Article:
We’re going to the pub. Want to come with?” I have heard this from an American colleague. Though this sounds odd to the majority of us, however, since I am not sure of the usage, I am asking how ...
1
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3answers
103 views

Season's Greetings usage

Season's Greetings: exclamation, noun [plural] UK US something written on a Christmas card as a way of expressing a Christmas greeting. (dictionary.cambridge.org) A ...
-2
votes
1answer
51 views

“I find myself” usage [closed]

Is this phrase correct? "You go home while I find myself something to eat" or should I use: "You go home while I will find myself something to eat" or "You go home while I find something to eat ...
0
votes
3answers
48 views

Last Thanksgiving

Would "last Thanksgiving" at the end of 2014 refer to November 27, 2014 or November 27, 2013? Technically, the most recent Thanksgiving would be the former but the Thanksgiving in the last year would ...
-3
votes
1answer
81 views

How to use “abhorrence” in a sentence? [closed]

How do I use the word abhorrence in a sentence? In my case, this is to express my extreme disgust of the Java programming language to a college. (no hate ^-^) I wrote it as: Is my abhorrence ...
0
votes
0answers
40 views

When and How to use the term “hindsight”? [migrated]

hindsight=understanding of a situation or event only after it has happened or developed. I heard many people (especially business people) use the term "hindsight", but I am not sure when to use it ...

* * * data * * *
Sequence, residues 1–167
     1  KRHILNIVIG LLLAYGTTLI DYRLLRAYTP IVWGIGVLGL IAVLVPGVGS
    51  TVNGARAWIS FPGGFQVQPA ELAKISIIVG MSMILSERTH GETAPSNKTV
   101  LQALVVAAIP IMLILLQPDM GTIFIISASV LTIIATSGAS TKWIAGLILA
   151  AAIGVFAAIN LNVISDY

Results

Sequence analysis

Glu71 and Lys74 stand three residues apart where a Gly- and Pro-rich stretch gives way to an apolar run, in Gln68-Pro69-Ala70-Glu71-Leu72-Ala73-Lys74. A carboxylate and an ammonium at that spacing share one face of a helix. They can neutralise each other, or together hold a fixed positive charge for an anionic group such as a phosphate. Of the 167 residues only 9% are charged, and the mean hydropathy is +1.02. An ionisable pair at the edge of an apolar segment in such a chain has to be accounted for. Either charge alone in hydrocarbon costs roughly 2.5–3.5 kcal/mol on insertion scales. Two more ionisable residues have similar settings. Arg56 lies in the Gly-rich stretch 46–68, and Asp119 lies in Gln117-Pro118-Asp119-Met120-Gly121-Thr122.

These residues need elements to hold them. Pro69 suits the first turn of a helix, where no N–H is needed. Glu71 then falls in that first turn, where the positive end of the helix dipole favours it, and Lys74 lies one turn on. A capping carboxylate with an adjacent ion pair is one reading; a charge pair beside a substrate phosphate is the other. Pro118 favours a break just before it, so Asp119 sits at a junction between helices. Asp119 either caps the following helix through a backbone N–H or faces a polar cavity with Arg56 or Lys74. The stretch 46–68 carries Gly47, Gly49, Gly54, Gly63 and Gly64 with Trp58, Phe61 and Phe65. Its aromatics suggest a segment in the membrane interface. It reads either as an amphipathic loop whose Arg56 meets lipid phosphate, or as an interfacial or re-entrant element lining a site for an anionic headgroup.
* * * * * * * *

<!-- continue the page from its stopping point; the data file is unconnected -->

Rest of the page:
0
votes
2answers
48 views

Is “to drape a medal” correct usage?

I am trying to describe the act of an official attaching a medal to a recipient's clothing (chest) during an awards ceremony. Is "to drape a medal" the correct usage? I don't think "to pin a medal" ...
1
vote
2answers
64 views

Meaning of the phrase “you're a caution”

I have encountered the phrase "you're a caution" in a movie in a suggestive, possibly judgmental context. How is this to be understood and where does it come from?
4
votes
1answer
69 views

Usage of adverbs like reasonably, practically, essentially, ridiculously, basically

I have recently noticed a phenomenon in English, that seems quite common. The phenomenon is regarding the usage of certain adverbs: Practically should mean in a practical manner. But it is often ...
-1
votes
0answers
37 views

Attributing to or Attributing with

Is this correct? You're attributing our performance at the the end with player x being on the field Or is it: You're attributing our performance at the the end to player x being on the ...
0
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1answer
38 views

Kudos Vs. bravo